For question 3, they again decry “anecdotal” studies (case reports), and the fact that in one, “The scientists found evidence of aspergillosis, and the boy was treated with toxic agents (broad-spectrum antimicrobial and antivirals) before he died.” They also suggest this it is contradictory to warn of the pandemic potential of this virus, when elsewhere scientists have stated: “There is no scientific forecasting method that can evaluate the possibility that an influenza virus induces a new pandemic.” And indeed, there’s not. We simply have too few data points to accurately predict what influenza viruses may have pandemic potential, and there are very few people who’d stake their career on H5N1 being the next pandemic. But at the same time, as I’ve mentioned, it’s just a strange virus capable of infecting a much wider variety of species than any other influenza virus known–and it’s deadly to those infected. It’s certainly within the realm of possibility that it could become a pandemic–and hence, warning of the pandemic potential. This is not a contradiction.

Finally, regarding question 4:

Question 4 (non-“H5N1″ causation). Neither the Subbarao et al study nor the FLI references consider reasonable, competing theories for disease causation, e.g., environmental and pharmaceutical factors.

Is H5N1 also caused by poppers, I wonder? Or Tamiflu?

So, their conclusion? Wanna guess?

Our analysis shows the papers do not satisfy our four basic questions. Claims of H5N1 pathogenicity and pandemic potential need to be challenged further.

Though I disagree with the first statement–I think H5N1 pathogenicity has been pretty well established–I agree with the latter. I’d wager most people do, and it’s something that’s re-assessed with every new piece of information. Will it ever become human-to-human transmissible–something that’s necessary for a pandemic? Some scientists argue that because it’s not done so yet, it won’t. I think that’s a bit overconfident, personally, but whether it gains the ability or not, the knowledge we receive from watching this one closely will help us understand–and ideally predict–future threats.

Comments

  1. #1 Hank Barnes
    April 3, 2006

    Out of an abundance of caution, it might be advisable to start an international “avian sexual awareness” program, where the World Health Organization would immediately begin the distribution of “chicken condoms” to all these sexually voracious birds, so as to slow down the risk of transmitting the H5N1 virus intra-species

    Ideally, this would forestall and, perhaps, reduce the risk of inter-species mutation of said virus, when they migrate to and from human population centers or are eaten with gravy and fixin’s at the local Kentucky Fried Chicken.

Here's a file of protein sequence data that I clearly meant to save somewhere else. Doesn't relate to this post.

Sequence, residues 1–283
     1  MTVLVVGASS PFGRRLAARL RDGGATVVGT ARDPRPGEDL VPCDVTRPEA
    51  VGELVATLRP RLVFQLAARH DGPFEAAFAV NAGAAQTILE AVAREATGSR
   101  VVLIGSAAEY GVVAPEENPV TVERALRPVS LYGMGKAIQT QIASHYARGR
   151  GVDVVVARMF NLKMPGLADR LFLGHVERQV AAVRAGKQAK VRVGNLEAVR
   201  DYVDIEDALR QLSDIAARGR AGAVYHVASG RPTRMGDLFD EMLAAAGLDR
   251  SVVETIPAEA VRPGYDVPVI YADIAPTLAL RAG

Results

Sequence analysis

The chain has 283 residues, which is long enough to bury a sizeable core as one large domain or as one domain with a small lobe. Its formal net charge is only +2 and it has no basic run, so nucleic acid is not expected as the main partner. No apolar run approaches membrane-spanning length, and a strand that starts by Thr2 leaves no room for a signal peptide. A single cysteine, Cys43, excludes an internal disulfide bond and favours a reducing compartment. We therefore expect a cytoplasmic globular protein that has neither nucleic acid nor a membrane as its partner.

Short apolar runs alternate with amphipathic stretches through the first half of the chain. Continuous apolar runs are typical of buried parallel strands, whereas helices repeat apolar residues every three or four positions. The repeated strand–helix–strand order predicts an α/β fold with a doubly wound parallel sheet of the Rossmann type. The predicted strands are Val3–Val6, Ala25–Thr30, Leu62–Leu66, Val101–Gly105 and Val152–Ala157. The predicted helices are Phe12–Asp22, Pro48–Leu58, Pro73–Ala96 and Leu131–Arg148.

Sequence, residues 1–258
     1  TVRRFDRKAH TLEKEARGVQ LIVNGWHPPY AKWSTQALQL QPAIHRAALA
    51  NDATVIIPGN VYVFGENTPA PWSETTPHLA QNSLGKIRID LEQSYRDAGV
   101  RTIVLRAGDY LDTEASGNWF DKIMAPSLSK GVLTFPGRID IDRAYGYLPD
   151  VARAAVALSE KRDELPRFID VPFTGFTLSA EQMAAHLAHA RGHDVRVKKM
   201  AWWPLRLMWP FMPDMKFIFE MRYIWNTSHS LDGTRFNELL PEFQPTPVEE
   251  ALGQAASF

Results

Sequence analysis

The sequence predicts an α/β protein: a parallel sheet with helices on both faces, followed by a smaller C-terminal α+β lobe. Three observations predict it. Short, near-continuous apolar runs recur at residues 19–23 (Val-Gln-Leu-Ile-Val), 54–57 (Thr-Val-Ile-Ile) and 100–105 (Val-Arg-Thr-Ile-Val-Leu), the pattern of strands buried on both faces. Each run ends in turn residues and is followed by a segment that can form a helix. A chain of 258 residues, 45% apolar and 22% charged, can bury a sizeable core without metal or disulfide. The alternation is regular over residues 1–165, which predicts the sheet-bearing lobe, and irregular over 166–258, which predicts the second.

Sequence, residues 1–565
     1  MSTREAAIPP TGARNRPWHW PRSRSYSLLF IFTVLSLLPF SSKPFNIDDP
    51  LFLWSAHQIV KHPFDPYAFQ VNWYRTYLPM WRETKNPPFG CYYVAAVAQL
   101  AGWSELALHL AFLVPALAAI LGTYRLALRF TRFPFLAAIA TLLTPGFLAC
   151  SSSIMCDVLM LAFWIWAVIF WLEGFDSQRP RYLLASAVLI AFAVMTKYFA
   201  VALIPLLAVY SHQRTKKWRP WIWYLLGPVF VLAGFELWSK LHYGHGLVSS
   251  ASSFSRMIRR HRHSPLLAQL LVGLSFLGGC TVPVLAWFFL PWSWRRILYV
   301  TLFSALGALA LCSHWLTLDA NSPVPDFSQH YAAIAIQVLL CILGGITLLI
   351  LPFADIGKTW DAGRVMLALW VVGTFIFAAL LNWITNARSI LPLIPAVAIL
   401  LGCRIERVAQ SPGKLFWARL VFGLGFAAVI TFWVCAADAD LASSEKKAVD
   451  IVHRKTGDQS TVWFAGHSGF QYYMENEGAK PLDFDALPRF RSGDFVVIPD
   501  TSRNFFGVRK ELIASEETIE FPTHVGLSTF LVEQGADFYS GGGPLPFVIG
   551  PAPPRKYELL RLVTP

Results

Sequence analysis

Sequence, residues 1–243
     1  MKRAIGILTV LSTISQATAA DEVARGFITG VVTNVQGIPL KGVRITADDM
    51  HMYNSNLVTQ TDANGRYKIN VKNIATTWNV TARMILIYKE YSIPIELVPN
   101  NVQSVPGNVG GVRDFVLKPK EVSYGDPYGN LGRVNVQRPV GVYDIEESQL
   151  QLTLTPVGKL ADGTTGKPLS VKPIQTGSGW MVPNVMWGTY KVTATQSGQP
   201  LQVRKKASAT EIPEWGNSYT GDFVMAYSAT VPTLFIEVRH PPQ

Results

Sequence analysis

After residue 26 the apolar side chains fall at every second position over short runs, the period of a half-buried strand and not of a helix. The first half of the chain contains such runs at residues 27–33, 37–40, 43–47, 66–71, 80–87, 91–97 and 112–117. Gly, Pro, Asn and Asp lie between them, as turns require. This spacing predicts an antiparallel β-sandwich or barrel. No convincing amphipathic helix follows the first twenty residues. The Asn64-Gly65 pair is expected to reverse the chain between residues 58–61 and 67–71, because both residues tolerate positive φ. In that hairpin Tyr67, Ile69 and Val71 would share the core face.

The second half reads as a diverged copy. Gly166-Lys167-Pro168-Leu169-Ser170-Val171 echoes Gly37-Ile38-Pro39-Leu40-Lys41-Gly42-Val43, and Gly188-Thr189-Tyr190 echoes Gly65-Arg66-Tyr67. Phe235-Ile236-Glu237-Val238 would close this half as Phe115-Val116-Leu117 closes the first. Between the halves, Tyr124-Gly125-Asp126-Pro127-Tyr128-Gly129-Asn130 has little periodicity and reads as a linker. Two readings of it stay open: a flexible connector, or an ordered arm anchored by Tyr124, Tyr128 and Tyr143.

Hank Barnes

  2. #2 Davis
    April 3, 2006

    Maybe they’re secretly trying to revive the miasma theory of disease.

  3. #3 Chris Noble
    April 4, 2006

    Stefan Lanka is at least consistent in his “rethinking” all human viruses.

    http://www.neue-medizin.com/lanka2.htm
    http://www.klein-klein-verlag.de/index.html

    If you spend time reading HIV “rethinker” webbords you’ll find that many HIV “rethinkers” do indeed reject the “germ thory of disease”.

    In my opinion they are more honest than those that just question HIV.

  4. #4 outeast
    April 5, 2006

    I know that the estimable Crichton has written that the theory that germs cause disease is not as proven as people think.

  5. #5 Tara
    April 5, 2006

    Re: Lanka–I hadn’t seen that page before. Pretty incredible:

    In the past years, however, he stumbled over a breathtaking fact: Not even ONE of the (medically relevant) viruses has ever been isolated; there is no proof of their existence.

    outeast–do you have a link for that, or was it in one of his books? Just curious.

  6. #6 Dave S.
    April 5, 2006

    Tara says:

    outeast–do you have a link for that, or was it in one of his books? Just curious.

    Oh, must have been his book. You know…the one where the world-reknown but somewhat jaded scientist (or two) is whisked off to a remote locale in some exotic destination that was laboriously staged, where he (or was it she or they?) meets a group of nerdy and earnest if somewhat argumenative lab-rats – and when something goes horribly awry they run a gamut of various dangerous obstacles until they are finally saved in the end by their unique technical savvy. They may have lost a team member or two along the way (after they were eaten alive), but that’s OK because those characters weren’t nice any way.